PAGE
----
In the Middle of Class, a Different Kind of Text
March 9, 2008 in The Way It Were
Tags: advice, cell, classroom, confiscate, master teacher, message, moral, passive, phone, reading, rule, school, student teacher, substitute, talking, teacher, teaching, text, the glare, voice
My weekend got off to a marvelous start. I got to confiscate a phone.
I had been monitoring the class my master teacher had me subbing — the same seniors I see every day, except now I get paid to do it — and I was busy making sure the little rapscallions spent their time reading reading. I was also brushing up on my use of the passive voice, but that’s neither here nor there.
Rather than read, one student — who, coincidentally, was tardy to class that day — kept talking. After a few uses of the glare I called her on it. Her friend decided to step in on her behalf.
“We aren’t doing anything, anyway. What do you expect?” she said. “People are going to talk. I think we should get out early.”
I expected that non sequitur — I am a sub, after all, and students love to make any argument on Sub Day that includes “we should” and ends with “get out early.” No dice, kiddo.
What got me was that she was text messaging while she talked. Strictly speaking, I didn’t see her phone as she was clever enough to hide it under the desk, but she was at least looking at her lap very intently, and was scooted back from the table just enough so that the right angle would show a cell phone. Her book lay open on the desk.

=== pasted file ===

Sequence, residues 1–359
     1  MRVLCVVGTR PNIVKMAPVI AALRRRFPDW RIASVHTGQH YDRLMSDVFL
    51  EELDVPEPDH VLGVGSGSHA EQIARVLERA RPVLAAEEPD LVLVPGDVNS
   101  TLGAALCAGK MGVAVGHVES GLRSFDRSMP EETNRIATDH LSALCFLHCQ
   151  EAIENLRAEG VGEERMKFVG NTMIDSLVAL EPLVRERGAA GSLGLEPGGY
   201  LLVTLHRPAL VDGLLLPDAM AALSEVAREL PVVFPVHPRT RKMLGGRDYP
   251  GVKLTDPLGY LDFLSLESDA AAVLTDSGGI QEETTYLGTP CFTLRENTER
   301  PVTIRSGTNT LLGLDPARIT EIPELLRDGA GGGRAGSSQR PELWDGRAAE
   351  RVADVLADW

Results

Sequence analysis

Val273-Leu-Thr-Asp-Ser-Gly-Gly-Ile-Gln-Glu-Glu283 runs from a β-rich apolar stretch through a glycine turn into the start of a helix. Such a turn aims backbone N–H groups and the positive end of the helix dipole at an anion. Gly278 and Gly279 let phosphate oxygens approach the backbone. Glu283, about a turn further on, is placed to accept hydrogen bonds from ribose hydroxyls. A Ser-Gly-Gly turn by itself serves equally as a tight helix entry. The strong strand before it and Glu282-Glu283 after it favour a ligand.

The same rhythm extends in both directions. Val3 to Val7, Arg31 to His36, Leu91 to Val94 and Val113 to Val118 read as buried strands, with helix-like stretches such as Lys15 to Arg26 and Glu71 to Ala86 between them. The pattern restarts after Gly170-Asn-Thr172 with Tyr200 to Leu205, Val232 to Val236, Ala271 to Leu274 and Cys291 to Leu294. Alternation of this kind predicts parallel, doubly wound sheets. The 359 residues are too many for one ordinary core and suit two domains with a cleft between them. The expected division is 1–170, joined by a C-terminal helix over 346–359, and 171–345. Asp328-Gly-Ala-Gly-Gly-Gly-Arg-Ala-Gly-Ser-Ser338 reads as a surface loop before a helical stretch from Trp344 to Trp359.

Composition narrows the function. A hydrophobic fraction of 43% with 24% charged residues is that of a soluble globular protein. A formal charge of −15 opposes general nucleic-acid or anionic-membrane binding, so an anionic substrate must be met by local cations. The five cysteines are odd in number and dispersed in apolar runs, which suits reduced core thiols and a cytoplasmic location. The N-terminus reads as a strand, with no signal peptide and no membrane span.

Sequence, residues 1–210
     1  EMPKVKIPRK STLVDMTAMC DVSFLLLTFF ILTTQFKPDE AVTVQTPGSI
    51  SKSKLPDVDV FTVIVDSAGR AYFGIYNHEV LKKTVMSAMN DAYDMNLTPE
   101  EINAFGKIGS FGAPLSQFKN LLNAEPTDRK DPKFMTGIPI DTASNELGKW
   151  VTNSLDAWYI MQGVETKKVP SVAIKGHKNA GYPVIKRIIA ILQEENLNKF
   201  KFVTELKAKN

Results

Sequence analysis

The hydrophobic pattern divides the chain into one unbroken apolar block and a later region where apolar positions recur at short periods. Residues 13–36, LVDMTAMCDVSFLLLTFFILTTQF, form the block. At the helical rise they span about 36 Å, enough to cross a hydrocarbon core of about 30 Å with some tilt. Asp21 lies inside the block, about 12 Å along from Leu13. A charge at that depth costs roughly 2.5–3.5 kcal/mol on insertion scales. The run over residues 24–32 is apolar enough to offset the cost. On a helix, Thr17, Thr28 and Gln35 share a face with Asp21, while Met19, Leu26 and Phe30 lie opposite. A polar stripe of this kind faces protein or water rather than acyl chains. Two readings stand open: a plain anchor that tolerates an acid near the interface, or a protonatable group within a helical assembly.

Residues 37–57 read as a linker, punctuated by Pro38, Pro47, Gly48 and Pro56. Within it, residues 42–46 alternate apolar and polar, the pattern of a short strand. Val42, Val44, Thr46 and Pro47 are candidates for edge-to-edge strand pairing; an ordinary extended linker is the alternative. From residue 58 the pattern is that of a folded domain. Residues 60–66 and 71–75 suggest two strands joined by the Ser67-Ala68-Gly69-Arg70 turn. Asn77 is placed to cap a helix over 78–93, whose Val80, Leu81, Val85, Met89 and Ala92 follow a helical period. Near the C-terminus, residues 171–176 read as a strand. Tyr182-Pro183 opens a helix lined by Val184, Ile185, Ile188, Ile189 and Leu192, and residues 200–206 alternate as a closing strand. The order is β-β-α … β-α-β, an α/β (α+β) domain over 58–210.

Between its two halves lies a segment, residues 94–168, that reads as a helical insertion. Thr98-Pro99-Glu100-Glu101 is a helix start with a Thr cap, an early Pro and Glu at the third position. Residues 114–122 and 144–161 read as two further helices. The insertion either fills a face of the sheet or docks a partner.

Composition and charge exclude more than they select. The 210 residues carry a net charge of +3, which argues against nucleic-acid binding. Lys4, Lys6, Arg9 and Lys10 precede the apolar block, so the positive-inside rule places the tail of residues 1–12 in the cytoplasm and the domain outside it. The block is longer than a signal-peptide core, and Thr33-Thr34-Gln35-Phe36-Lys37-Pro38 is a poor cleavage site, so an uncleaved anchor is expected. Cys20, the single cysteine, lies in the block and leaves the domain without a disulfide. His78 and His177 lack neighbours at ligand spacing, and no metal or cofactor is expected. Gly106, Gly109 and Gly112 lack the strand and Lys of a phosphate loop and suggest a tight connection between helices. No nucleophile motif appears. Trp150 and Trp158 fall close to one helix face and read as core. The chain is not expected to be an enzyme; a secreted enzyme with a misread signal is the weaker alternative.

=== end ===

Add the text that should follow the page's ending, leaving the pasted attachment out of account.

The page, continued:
As per the class rule, I confiscated her cell phone — she seemed surprised that I saw through her ruse — with a promise to return it the following class day, a phrase which here means “on the other side of a weekend.”
She issued a protest. I told her to stay after class to talk about it, and she did.
“I have to call to get a ride to work. We don’t have a landline.”
“Nobody else in your family has a cell phone?”
“Do you have friends?”
“I can’t use their phones. Their phones don’t have my mom’s number.”
Caught her in a lie. She can wait until Monday.
Moral of the story? Maintain healthy skepticism toward excuses. More than a few are false.
Every day, we experience a thousand moments, each of those moments setting in motion a thousand slightly different possibilities in the future. When we make these choices, we are thrust toward another day's crossroads, where we have another thousand choices.
Given the infinite number of choices we make in a lifetime, why do we choose so many of the same routes and make just as many of the same mistakes as our parents and grandparents?
I plan to learn from their mistakes. Let's see how far I get.
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